Back in January, Durango topped another “Top 10 List” with a mention in Sunset magazine’s list of “24 Best Places to Live and Work 2014.”
This recognition gets added to our community award shelf of “Top Ten Western Towns” (True West), “Top 200 Towns” (Outdoor Life), “Top 10 US Travel Destinations” (Lonely Planet), “Best Places to Live” (Men’s Journal), “Best River Towns in America” (Outside) and I’m sure many others I’m missing.
Beyond boasting adventure, natural beauty, history and arts, Durango also tops lists for being a place to raise a family and connect to community. In August, we were included in Huffington Post’s “The Best Places in Colorado for Young Families.”
It may be because I’m entering into motherhood and reading a lot about how to raise a healthy, smart and well-rounded child, but I can’t help but look around Durango and see the multitude of great programs and resources supporting childhood development and our future citizens of the world.
There are many things important to the development of children; but providing opportunities to experience nature and the arts (visual, performing and musical) are often overlooked or seen as secondary necessities. However, exploring these areas as we grow throughout our lives are essential to developing our full potential.
Art in early childhood is a necessity because it builds socio-emotional, cognitive and motor development, and it contributes to the development of autonomy – a sense of self, confidence, intelligence, problem solving and the ability to socially connect to others and avoid or break down stereotypes, racism, sexism and other negative social constructions.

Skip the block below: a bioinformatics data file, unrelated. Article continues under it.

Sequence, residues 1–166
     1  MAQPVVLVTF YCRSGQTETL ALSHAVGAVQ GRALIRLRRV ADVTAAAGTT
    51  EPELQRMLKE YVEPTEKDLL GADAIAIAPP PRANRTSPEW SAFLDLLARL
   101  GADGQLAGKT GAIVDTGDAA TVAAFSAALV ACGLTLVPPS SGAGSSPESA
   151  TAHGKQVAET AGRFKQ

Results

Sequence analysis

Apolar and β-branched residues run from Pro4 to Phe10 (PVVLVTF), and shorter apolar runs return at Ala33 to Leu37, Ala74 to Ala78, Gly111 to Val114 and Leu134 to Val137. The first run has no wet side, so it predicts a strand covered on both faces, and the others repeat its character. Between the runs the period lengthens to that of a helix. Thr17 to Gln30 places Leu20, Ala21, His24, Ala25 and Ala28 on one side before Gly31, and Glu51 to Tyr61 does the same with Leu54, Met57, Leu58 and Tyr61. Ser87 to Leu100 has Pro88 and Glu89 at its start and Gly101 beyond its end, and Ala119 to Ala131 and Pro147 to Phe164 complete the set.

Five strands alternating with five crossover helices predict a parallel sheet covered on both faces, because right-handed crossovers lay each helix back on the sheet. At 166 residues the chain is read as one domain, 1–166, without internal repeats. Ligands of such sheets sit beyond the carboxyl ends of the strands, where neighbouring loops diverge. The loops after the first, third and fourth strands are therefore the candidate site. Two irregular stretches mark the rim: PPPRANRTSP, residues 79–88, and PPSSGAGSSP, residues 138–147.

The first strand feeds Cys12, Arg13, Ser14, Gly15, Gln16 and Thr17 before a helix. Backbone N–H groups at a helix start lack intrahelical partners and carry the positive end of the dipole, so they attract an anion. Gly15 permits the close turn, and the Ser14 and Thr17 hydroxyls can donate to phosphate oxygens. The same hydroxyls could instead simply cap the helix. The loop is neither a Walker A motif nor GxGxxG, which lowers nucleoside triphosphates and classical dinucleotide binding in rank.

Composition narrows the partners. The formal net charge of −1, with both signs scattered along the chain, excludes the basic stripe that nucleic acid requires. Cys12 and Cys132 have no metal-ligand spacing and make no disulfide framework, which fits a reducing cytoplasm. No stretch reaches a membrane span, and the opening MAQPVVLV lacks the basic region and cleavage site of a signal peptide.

Young children move through a progression of self-exploration and self-growth when they are involved in creating and making art. Kids begin to feel emotional satisfaction of making decisions and the sense of independence with their choices, while expressing how they feel and what they think.
Children’s involvement in art is all about sensory exploration at first, both on the cognitive and motor levels – the sense and ability to move paint, sing, dance and act all at once or how a crayon feels in their hands. Through these activities of relating body and ability to ‘making’ and the world around them, children build an understanding and knowledge of objects, relationships and self-expression.
As a child grows and develops, art morphs beyond just exploring senses and motor skills to figurative imagination, creative thought and symbolism. Art, much like athletics and music, helps children develop and control use of large- and small-muscle groups.
Here at the Durango Arts Center, we’re celebrating the gift and importance of arts in early childhood with our upcoming DAC Applause! production of “Dr. Doolittle, Jr.” on April 4 and the 21st Annual Creativity Festivity: Origins, from April 17 through May 10, which showcases the work of local students in the community and celebrates the important creative work happening in our schools.
email@example.com. Elsa Jagniecki is the marketing coordinator for the Durango Arts Center.